The Slavery of Animals

Travis Brown

            People for the Ethical Treatment of Animals (PETA) is bringing suit on behalf of five orca whale plaintiffs against SeaWorld  this week in the United States District Court located in San Diego, California.  The suit, acknowledged to be unlikely to succeed, seeks to expand the boundaries of current animal rights. 

The basis of the claim is a rather progressive one.  PETA is asking the District Court to grant constitutional protection to the whales predicated upon the Thirteenth Amendment ban on slavery.  The group maintains that the Amendment does not solely apply to humans, and that the whales being kept within the parks and used solely for breeding and human entertainment is tantamount to such unconstitutional servitude.  Jeffrey Kerr, the general counsel for PETA stated that, “Slavery is slavery, and it does not depend on the species of the slave any more than it depends on gender, race, or religion.”

SeaWorld flatly denies any allegations of such slavery and stated that, “There is no higher priority than the welfare of the animals entrusted to [SeaWorld’s] care and no facility sets higher standards in husbandry, veterinary care and enrichment.” 

The hotly contested issue has attracted the attention of numerous law school professors who specialize in animal rights.  Rutgers University law professor Gary Francione was cited for his proposition that animals should no longer be regarded merely as property and should not only be provided the limited rights set forth in the Endangered Species Act, Animal Welfare Act and, in this case, the Marine Mammals Protection Act.  These orcas, as well as other marine park animals, have been studied and Naomi Rose, a marine mammal biologist for the Humane Society, has determined that they have the “cognitive sophistication of a 3-to-4-year-old human child[].”  As such, being subjected to the rote conditions of captivation subjects the animals to stress.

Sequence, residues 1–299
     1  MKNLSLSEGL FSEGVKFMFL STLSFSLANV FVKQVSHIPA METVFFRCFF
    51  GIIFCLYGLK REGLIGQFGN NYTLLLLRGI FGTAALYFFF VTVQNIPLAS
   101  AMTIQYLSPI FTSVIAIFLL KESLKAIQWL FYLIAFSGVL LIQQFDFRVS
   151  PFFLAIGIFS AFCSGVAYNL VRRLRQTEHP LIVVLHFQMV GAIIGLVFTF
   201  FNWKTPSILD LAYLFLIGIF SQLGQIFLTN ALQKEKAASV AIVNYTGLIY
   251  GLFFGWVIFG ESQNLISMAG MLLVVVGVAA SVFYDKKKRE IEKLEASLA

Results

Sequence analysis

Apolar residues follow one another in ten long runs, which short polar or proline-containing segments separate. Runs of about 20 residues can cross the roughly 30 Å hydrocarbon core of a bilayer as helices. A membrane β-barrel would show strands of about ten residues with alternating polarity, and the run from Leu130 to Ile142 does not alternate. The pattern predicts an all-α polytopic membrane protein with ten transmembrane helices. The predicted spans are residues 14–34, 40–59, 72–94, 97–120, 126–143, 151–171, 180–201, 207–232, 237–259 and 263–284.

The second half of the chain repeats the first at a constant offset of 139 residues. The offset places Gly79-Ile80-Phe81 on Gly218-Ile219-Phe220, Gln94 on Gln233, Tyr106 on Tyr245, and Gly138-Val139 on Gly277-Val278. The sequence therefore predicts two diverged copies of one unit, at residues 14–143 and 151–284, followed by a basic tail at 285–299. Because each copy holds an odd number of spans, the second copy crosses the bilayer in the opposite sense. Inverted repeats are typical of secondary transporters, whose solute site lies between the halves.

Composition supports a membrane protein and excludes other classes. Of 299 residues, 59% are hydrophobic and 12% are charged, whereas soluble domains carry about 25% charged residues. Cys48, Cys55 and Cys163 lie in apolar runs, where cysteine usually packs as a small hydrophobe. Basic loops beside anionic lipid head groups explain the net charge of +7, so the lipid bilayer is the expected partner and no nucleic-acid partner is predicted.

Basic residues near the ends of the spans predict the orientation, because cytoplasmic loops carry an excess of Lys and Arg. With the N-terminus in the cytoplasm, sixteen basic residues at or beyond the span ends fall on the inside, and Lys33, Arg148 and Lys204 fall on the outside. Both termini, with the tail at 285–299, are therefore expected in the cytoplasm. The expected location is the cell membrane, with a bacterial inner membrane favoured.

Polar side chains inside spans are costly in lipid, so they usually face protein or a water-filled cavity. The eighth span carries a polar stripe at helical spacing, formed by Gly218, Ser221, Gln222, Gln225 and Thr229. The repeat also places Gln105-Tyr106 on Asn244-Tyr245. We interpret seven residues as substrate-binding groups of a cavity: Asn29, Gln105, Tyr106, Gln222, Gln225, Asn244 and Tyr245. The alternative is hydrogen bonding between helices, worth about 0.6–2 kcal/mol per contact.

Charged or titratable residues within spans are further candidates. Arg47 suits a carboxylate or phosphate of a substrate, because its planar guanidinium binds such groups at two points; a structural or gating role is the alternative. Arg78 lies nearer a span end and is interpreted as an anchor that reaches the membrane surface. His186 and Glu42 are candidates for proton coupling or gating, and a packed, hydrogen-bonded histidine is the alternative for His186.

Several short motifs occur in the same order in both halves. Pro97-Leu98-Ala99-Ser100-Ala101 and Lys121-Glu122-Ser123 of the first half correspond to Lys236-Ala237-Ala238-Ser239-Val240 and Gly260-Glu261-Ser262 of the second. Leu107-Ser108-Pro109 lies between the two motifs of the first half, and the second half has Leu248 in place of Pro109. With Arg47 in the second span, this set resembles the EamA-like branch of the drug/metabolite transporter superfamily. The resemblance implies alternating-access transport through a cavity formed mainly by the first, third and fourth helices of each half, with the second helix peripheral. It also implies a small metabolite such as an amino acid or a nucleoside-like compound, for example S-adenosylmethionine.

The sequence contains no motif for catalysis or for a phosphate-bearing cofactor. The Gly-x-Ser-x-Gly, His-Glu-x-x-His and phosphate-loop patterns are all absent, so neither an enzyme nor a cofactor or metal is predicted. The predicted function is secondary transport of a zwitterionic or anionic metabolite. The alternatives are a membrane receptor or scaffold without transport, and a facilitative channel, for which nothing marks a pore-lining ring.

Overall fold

Though the likelihood of success has already been questioned, this case represents forward progression for animal rights.  Public recognition of animal rights, or the lack thereof, will prove to be integral to courts choosing to entertain such claims as well as their likelihood of rendering a disposition favorable to the animals.

3 Responses

  1. I have a petition on to have the status of pets changed from property etc., please sign it! Whether humans will ever do right by other animals and acknowledge their true status is unlikely because that would mean we could not kill them for their fur, skin, flesh, etc. all contrary to big business!

  2. What a great step in the right direction toward changing the conversation about animals. Thanks for posting.

  3. After what has recently happened in my state of Ohio where 49 innocent animals were gunned down because their owner released them from their cages, destroyed their shabby dwellings, and then killed himself. And next his wife tried to take the six surviving animals back to the run-down farm, when they are under the excellent care of the Columbus Zoo, fortunately she failed. Whatever can be done to elevate the discussion on animals having rights, I am all for it. Animals are NOT property, they are living creatures, that deserve to be protected and treated humanely.

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